Control and Coordination

Nervous System

Did you know there are more nerve cells in our bodies than there are stars in the Milky Way? The nervous system is one of the most important systems in the human body that sends information from one part of the body to another. It is because of this system that we are able to control and coordinate our movements and actions.

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Parts of the Nervous System

It consists of two main parts.

  • The Central Nervous System ( CNS)
  • Peripheral Nervous System (PNS)

(Source – Wikipedia)

Central Nervous System

This system consists of the Brain and Spinal Cord. Find more about human brain in the related posts.

Peripheral Nervous System

It consists of the cranial nerves coming from the brain and the spinal nerves coming from the spine. There are 12 pairs of cranial nerves and 31 pairs of spinal nerves in humans.

The peripheral nervous system is made of up of the Autonomic nervous system and Somatic Nervous System.  The Sympathetic nervous system and Parasympathetic nervous system fall under the autonomic nervous system.

The following figure explains the interrelation between the various nervous systems.

(Source – Wikipedia)


A nerve is a thread like structure that comes out of the brain and the spinal cord. So these nerves branch out to all the parts of the body and are mainly responsible for carrying information and messages from part to the other. All the nerves make up the peripheral system. They carry information between the brain and spinal cord.

Types of Nerves

There are different types of nerves, according to the action they perform. They are:

  • Sensory Nerves – These send messages to the brain from all the sensory organs,
  • Motor Nerves – They carry messages from the brain to the muscles in the body.
  • Mixed Nerves – They carry the sensory and motor nerves. They help in conducting the incoming sensory information and also the outgoing information to the muscle cells.

Based on which part the nerves connect to the Central Nervous System, they are classified as:

  • Cranial Nerves – They start from the brain and carry messages from the brain to the rest of the body. Certain nerves are sensory nerves while some are mixed nerves.
  • Spinal Nerves – These nerves originate from the Spinal Cord. They carry messages to and from the central nervous system. They consist of mixed nerves.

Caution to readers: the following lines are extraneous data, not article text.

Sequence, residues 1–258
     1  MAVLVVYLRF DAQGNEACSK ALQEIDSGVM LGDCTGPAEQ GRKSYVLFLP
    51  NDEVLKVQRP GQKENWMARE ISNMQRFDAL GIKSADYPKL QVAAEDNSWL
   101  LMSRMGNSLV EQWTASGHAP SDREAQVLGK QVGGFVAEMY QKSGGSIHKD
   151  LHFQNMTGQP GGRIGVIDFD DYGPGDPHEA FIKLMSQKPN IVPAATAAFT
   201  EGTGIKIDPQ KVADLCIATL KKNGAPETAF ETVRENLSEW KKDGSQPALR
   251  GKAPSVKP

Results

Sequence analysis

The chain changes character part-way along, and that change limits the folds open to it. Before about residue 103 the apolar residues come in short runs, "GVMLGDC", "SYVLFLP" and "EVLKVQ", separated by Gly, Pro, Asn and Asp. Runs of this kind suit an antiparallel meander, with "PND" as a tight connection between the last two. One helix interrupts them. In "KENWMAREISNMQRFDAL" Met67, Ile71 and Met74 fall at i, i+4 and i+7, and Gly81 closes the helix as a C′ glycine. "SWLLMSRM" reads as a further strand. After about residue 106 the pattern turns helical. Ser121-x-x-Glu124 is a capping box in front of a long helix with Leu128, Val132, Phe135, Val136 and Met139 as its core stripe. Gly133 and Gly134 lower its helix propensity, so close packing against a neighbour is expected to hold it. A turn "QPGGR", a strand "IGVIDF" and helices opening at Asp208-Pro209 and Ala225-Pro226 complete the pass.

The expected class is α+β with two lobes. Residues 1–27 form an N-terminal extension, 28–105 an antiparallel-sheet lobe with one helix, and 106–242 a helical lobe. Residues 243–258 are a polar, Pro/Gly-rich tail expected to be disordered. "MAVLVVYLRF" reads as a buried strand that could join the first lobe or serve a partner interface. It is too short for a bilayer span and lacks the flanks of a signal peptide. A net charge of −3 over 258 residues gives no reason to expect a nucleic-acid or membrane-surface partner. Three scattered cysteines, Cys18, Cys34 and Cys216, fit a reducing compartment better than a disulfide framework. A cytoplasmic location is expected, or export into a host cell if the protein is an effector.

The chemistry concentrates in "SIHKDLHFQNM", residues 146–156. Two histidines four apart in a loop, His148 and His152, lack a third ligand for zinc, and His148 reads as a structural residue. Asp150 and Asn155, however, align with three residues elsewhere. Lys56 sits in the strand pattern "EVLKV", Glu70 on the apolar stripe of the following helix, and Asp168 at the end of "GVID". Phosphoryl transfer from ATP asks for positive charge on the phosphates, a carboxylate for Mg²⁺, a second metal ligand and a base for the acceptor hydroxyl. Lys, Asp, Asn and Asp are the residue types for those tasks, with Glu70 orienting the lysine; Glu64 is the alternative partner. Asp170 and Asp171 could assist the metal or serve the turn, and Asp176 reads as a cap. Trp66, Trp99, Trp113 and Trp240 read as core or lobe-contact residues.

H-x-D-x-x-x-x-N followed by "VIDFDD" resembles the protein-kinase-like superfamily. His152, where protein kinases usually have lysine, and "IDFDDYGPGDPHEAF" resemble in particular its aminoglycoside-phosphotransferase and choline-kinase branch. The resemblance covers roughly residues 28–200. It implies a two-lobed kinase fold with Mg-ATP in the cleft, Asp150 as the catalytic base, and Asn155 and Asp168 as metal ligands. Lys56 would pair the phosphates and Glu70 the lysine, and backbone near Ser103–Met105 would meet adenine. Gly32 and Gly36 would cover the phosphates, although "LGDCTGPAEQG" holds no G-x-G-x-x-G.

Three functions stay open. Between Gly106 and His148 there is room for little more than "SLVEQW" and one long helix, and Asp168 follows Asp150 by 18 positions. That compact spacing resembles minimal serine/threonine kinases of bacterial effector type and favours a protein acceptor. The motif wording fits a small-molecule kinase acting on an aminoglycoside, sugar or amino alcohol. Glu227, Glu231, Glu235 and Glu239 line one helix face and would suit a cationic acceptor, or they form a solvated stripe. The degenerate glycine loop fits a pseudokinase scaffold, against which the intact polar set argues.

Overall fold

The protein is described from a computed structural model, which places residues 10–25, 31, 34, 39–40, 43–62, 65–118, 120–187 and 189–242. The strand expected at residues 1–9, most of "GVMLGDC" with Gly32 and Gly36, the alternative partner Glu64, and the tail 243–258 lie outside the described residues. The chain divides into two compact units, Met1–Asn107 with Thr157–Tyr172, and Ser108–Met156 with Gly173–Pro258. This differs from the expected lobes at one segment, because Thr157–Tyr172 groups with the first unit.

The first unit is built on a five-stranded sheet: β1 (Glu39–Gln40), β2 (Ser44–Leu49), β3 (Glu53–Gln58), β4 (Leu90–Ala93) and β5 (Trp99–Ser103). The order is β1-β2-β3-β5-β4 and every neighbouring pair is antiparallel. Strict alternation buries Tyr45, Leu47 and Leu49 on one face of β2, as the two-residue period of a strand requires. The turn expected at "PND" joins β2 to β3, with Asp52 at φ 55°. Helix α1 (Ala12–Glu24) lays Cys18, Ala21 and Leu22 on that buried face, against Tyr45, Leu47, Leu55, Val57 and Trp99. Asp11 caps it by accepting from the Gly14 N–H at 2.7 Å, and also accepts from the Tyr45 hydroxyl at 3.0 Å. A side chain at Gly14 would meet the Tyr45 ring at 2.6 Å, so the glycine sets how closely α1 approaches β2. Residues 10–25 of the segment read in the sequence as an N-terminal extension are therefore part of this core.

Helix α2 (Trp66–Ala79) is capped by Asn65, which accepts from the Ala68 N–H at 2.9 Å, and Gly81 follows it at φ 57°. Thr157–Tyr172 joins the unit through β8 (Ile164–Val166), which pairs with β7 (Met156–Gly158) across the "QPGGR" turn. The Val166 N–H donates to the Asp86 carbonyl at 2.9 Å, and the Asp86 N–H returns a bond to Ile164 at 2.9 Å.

Nerves are made up special cells called the nerve cells or neurons. These neurons are the basic unit of the nervous system.

( Source – Wikipedia)

Three parts make up a neuron – axon, cell body and nerve endings. The cell body is the main part and has all the components of the cell such as the nucleus, mitochondria, endoplasmic reticulum etc. Axons are long cable-like projections that carry the messages along the length of the cell. These axons are covered by a protective covering called the myelin sheath. This myelin is made of fat and has a role in speeding up the transmission of messages down a long axon. Dendrites are the small branch-like projections that form connections with other neurons these dendrites can be present at both ends of the cell.

Synapse is the junction between two nerve cells. It consists of a minute gap. Impulses or messages pass by diffusion of a neurotransmitter.

Some Amazing Facts

  • Neurons have high energy requirements and are bundled with blood vessels.
  • There are billions of neurons in the body, about 100 billion in the brain and 13.5 million in the spinal cord.
  • Axons can transmit electrical signals at a rate of 2,500 per second.

Solved Questions for You

Q: What is the gap between two nerve cells called?

Ans. Synapse

Q: How does the nervous system mechanism function?

Ans.  Broadly, the mechanism of the nervous system can be summarised as follows:

  • Information is transmitted in the form of electric impulse.
  • The flow of information is very quick.
  • Axons and dendrites transmit information throughout the body, in a coordinated effort.
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